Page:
How Sebastian Stan Transformed Into Tommy Lee For Pam & Tommy

Romanian-American actor Sebastian Stan got his start on television with a guest appearance on "Law & Order" and recurring roles on "Gossip Girl" and "Kings." In 2011, he was cast in the role he is arguably best known for — superhero sidekick James Buchanan "Bucky" Barnes in "Captain America: The First Avenger." Stan would reprise the role in the next several "Captain America" and "Avengers" films, culminating in the 2021 Disney+ miniseries "The Falcon and the Winter Soldier," co-starring Anthony Mackie.

In between Marvel movies, Stan has made a name for himself as a supporting player in the indie film world, working with such esteemed directors as Jonathan Demme ("Ricki and the Flash"), Steven Soderbergh ("Logan Lucky"), and Craig Gillespie ("I, Tonya"). On February 2, 2022, Stan reunites with Gillespie for the Hulu miniseries "Pam & Tommy," a satirical look at the late-1990s scandal involving "Baywatch" star Pamela Anderson, husband and Motley Crue drummer Tommy Lee, and the honeymoon sex tape that was stolen and copied around the world. Stan plays Lee opposite "Downton Abbey" and "Cinderella" star Lily James as Anderson.

The famously debauched hair-metal drummer is a far cry from Bucky Barnes, both physically and personality-wise. Let's take a look at how Stan prepared for the role.

A long development

Sebastian Stan was not actually the first choice to play Tommy Lee in the miniseries. In fact, it wasn't always going to be a miniseries at all. In 2018, the stranger-than-fiction saga of the Tommy Lee-Pamela Anderson sex tape — detailed in a 2014 Rolling Stone article by Amanda Chicago Lewis — was brought to the attention of Point Grey, the production company run by Seth Rogen and Evan Goldberg, Variety reports. The pair began to develop the story as a feature film vehicle for their friend James Franco, who would direct and star as Lee. As development continued, however, the project was reconceived as a longer piece of storytelling.

In December 2020, it was announced that the series would be produced for Hulu, with Stan and Lily James cast as Lee and Anderson and producer Rogen playing Rand Gauthier, the disgruntled electrician who inadvertently discovered the sex tape inside a stolen safe. Robert Siegel — writer of "The Wrestler" and "Big Fan" — would pen the script, and Craig Gillespie, whose "I, Tonya" similarly dealt with a misunderstood 1990s tabloid sensation, would direct.

Mixed reactions

When Sebastian Stan and Lily James' casting was announced, reactions were mixed. Neither actor seemed to be a natural fit for the role. Online critics' skepticism was directed more toward James, in an unfortunate echo of the kind of double standard that the real-life Anderson faced when the sex tape leaked. But Stan also took some hits for lacking a certain rock 'n' roll quality that fans felt necessary to play Lee. Alternate casting options abounded in the days after the announcement, with some pointing to Megan Fox and Machine Gun Kelly (who played Lee in the 2019 VH1 adaption of the Motley Crue memoir "The Dirt") being popular choices. It was clear that Stan would be facing an uphill battle to establish credibility in the role.

Stan himself was unsure that he was the right person for the job when it was offered to him by his "I, Tonya" director Craig Gillespie. As he would later tell Variety, "I don't have a single tattoo on my body. So I was like, 'What exactly is making you think I can play this man?' But I was intrigued enough to want to see why [Gillespie] was calling."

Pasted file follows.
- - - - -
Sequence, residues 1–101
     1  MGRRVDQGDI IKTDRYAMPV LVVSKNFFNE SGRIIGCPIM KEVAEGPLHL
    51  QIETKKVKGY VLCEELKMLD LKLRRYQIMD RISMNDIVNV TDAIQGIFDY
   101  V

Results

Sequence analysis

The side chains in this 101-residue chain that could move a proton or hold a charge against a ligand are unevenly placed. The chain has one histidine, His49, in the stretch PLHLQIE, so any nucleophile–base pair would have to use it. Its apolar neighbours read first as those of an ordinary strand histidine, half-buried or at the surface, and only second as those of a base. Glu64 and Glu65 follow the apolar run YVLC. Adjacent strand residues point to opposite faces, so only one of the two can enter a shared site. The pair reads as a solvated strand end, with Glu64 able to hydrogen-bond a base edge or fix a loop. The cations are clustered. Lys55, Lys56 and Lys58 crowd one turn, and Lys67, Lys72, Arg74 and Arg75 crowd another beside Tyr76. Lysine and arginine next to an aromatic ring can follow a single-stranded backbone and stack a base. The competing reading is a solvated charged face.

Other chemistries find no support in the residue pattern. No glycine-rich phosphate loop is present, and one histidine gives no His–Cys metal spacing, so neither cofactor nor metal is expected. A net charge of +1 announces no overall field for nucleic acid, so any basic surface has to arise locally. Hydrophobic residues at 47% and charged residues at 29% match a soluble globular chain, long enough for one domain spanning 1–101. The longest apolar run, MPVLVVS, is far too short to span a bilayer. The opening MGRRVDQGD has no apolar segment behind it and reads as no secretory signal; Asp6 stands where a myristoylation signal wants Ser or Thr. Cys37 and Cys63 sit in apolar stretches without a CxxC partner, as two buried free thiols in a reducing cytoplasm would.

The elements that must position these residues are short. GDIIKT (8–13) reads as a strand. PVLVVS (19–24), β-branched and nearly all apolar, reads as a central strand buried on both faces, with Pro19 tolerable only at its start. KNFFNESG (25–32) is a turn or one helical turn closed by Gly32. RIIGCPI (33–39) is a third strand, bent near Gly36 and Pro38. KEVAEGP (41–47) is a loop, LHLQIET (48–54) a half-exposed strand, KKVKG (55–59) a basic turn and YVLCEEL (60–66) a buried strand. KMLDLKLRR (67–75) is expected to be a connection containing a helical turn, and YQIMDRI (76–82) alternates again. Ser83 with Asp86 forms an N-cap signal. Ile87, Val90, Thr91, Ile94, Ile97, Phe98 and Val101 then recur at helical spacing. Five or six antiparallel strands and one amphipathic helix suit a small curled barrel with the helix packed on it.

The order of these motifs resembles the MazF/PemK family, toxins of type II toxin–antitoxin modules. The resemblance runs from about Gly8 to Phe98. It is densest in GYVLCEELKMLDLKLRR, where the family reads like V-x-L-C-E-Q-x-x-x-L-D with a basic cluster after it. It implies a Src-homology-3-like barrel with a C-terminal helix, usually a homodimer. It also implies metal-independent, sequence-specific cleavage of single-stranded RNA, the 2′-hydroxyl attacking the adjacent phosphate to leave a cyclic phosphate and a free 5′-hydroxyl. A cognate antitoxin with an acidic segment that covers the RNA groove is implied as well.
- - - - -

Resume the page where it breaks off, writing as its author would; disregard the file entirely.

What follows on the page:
A journalist ...

Despite his reservations, Sebastian Stan accepted the role and began researching the man he was going to play. For him, playing a real-life person involved as much reportage and recreation as it did inspiration. "The story is there," he told Variety. "You're a journalist at that point. You're really researching all you can and trying to understand the best you can."

To that end, it must have helped that Tommy Lee's life has been so well-documented, often by Lee himself. Born in 1962 in Greece, Lee joined Motley Crue when he was 18. He has co-written two books; the first, 2002's "The Dirt," is credited to all the members of Motley Crue (plus co-author Neil Strauss) and is the history of the band in all its glorious, sometimes gag-inducing excess. The second, 2005's "Tommyland" (co-authored with Anthony Bozza), is a memoir by Lee with an audacious stylistic conceit: the book is narrated from the perspective of Lee's penis. Amazingly, "Pam & Tommy" dramatizes this idea in its second episode with a scene in which Stan as Lee speaks to his penis about his love for Anderson. The organ is apparently presented as an animatronic puppet voiced by comedian Jason Mantzoukas. 

... But not a drummer

Reading books on his subject and studying videos is one thing; learning a musical instrument is something else. Tommy Lee is regarded as one of the greatest rock drummers in history, and Sebastian Stan had to learn to play before taking the role. He took drum lessons for three months leading up to production and worked hard to master Lee's signature drumstick twirl. "It's not easy to do," Stan told Variety. "My fingers were swollen for a good week and a half. I kept hitting myself in the head with it."

Lee is known as a consummate showman behind the kit and prone to eye-catching theatrics. A concert tour in the mid-2000s saw him employing three different drum sets that he would reach by flying via wire rig. But "Pam & Tommy" appears to have a more down-to-earth approach to its Motley Crue scenes, as seen in on-set rehearsal footage that was leaked to TikTok in July 2021. Stan is seen in character behind the drum kit, playing along to a backing track.

Tattoos and piercings

Pyrotechnic drumming and rock star hedonism were not all that Sebastian Stan would need to become Tommy Lee. Lee's gaunt frame, dozens of tattoos, and multiple piercings are central to his image in the popular imagination, especially during his 1990s heyday. Since Stan had none of those things, the task of creating the character of Lee from the outside-in fell to the show's team of makeup artists.